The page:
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during those hearings. her husband, dr. patrick jackson. stand up. i know it's embarrassing. [applause] i'm going to tell you what talia said, i said as far as being the daughter and son of a famous person come i said imagine what it's like being president. she said she may be. [laughter] i could not agree more. thank you, thank you. and her brother, a former police officer and a veteran, stand up. he looks like he could still play. he has biceps as big as my calves. thank you, thank you. of course her parents.
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johnny and elroy brown. stand up. [applause] i'll tell you what, mom's rule in my house. you think i'm kidding, i am not. my mom and my wife as well. look, people with deep faith, the deep love of family and country, that is what you represent. who know firsthand mom and dad, the indignity of jim crow. the inhumanity of legal segregation. and you had to overcome so much in your own lives. you saw the strength of parents, the strength of a daughter. it is just worth celebrating. i can't get over mom and dad --
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what you did. and your faith, and never giving up any hope. you both -- about the wonderful son you had, and your daughter. in that sense it lifted up millions of americans who watched you, judge jackson, especially women, and women of color who have had to run the gauntlet in their own lives. so many of my cabinet members are women. women of color, women who represent every segment of the community. it matters. and he stood up for them as well. they know it come everybody out there. every woman out there. am i correct? just like they have. just like they have. same with the female members of congress across the board. look, it's a powerful thing when people can see themselves and others. think about that.
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please -- what's the most powerful thing? i bet everyone of you can go back and think of a timing ally for there was a teacher, a family member, a neighbor, somebody -- somebody who made you believe you could be whatever you want to be. it's a powerful, powerful notion. that's one of the reasons i believe so strongly that we needed a court that looks like america. not just the supreme court. [applause] that's why i'm proud to say with a great help of dick durbin i've nominated more black women judges to the federal supreme court done all previous presidents combined. [cheers and applause] that's why i'm proud that kamala harris is our vice president of the united states. [applause] a brilliant lawyer, attorney general of the state of california, former member of the senate judiciary committee.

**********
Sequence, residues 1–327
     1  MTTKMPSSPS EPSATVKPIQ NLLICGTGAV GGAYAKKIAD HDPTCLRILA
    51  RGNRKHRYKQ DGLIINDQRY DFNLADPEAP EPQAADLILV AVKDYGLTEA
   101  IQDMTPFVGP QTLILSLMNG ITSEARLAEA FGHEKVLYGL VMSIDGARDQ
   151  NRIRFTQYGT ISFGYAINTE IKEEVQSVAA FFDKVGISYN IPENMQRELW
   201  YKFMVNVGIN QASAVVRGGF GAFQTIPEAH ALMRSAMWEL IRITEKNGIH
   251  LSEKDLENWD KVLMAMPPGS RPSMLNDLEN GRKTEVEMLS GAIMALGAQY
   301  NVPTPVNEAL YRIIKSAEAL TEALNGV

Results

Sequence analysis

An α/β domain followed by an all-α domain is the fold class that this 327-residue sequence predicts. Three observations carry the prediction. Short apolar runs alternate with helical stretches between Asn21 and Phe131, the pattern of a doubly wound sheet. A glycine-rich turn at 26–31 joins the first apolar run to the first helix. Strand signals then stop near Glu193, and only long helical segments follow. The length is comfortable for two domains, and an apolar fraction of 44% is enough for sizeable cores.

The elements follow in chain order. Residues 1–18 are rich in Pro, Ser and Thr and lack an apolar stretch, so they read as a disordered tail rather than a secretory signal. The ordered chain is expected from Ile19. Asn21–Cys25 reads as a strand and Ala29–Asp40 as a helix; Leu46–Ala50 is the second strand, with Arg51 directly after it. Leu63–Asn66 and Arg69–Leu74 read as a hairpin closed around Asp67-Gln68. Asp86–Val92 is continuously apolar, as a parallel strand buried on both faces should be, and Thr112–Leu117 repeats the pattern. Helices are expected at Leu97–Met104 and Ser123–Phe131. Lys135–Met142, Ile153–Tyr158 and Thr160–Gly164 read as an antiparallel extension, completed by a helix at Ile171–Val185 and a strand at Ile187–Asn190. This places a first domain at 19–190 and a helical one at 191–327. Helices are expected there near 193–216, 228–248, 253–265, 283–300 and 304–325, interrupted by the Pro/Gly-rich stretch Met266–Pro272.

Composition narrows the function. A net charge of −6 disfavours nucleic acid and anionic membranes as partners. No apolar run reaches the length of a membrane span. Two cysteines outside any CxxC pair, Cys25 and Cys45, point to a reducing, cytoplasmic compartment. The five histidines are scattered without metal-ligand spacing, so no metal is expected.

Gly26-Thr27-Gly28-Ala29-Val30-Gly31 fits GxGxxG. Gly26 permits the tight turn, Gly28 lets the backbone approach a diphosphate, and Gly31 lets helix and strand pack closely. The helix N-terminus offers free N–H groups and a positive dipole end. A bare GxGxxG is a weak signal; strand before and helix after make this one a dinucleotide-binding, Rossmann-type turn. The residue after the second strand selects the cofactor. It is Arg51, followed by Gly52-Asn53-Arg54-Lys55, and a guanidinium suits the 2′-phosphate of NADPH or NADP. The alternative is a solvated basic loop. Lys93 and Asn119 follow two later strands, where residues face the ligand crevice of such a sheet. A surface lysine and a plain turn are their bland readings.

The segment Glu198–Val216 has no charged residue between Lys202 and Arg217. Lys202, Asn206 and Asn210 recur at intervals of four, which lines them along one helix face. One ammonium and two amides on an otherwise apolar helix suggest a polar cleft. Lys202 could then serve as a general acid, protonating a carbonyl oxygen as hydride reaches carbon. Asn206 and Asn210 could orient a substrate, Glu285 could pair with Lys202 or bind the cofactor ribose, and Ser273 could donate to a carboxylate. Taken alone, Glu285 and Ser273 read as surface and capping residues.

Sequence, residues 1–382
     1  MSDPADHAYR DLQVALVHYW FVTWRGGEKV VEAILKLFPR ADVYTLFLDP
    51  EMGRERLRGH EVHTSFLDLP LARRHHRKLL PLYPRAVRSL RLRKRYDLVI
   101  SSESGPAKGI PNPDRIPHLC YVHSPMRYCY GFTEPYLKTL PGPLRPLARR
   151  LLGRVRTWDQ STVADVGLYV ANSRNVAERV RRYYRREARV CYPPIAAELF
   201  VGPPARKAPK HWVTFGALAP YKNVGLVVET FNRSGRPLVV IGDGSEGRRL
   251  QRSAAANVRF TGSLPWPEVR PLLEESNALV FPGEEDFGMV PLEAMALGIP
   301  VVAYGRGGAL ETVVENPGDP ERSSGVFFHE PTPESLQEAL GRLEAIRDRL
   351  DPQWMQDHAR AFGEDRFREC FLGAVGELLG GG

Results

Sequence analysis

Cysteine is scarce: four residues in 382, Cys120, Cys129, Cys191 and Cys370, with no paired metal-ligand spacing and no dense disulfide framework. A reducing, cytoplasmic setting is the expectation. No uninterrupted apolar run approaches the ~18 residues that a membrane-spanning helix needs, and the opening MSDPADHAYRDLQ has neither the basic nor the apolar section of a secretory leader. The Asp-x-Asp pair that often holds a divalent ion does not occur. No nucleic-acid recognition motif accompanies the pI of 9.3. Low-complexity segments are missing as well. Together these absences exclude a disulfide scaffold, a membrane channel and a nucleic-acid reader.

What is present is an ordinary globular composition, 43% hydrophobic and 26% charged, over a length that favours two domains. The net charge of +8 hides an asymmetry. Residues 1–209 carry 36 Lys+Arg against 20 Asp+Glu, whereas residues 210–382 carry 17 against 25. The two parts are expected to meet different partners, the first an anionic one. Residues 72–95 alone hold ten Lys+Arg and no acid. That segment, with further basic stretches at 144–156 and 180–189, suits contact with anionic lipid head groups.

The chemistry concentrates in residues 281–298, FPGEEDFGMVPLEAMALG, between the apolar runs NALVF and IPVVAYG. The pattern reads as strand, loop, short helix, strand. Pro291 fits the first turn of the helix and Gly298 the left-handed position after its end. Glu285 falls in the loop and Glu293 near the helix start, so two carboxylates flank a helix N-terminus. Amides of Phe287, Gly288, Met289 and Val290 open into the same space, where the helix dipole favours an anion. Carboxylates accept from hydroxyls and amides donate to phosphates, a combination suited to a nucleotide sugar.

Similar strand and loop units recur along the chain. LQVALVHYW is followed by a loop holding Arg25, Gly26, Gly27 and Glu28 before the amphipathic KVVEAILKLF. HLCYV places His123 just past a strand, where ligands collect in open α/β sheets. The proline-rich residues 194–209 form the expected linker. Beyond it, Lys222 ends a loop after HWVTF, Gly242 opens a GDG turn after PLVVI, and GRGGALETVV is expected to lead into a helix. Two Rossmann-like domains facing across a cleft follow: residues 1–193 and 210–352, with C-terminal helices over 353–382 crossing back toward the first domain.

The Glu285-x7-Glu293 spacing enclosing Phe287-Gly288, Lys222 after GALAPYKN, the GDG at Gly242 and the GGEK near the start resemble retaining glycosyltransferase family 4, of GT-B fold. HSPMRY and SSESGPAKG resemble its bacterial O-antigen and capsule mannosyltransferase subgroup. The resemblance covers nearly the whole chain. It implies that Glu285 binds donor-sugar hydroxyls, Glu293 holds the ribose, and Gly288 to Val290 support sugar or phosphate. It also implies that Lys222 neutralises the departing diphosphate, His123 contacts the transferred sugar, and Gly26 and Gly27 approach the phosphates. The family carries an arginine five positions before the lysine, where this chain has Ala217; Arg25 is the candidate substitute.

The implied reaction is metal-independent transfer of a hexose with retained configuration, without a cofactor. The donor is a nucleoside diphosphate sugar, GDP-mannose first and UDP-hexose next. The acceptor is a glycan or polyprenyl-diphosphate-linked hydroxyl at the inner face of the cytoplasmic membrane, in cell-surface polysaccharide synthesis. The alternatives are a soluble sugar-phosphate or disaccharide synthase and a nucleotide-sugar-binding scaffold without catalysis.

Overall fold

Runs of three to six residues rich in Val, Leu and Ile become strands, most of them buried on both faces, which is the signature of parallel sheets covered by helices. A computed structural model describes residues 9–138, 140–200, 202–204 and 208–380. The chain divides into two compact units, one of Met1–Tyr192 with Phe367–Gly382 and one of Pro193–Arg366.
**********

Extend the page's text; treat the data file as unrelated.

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kamala was invaluable during this entire process. and chuck, the majority leader, i want to thank you, pal. he did a massive job keeping the caucus together. getting the vote across in a timely and historic matter. just watching on television yesterday when the vote was taken and the democratic side -- there was such enthusiasm. it was genuine. you can tell when it is real. you can tell when it is real. isn't it incredible, chuck? thank you so much. [applause] because you are all able to sit down and don't have to stand i'm going to go on a little longer and tell you i want to say something about dick durbin again. , i'm telling you. overseeing the hearing, how you executed the strategy, by the hour every day to keep the committee together. you have a very divided committee with some of the most conservative members of the senate on that committee.